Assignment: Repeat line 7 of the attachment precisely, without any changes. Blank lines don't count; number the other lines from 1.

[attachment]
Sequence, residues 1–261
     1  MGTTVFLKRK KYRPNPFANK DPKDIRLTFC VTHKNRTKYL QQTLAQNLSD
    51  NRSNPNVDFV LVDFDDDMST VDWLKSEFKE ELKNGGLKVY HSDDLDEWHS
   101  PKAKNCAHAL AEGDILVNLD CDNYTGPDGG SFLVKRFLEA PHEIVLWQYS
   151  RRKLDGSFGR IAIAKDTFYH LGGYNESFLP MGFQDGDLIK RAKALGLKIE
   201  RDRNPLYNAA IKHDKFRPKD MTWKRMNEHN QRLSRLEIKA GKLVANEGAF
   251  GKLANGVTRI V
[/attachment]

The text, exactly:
   251  GKLANGVTRI V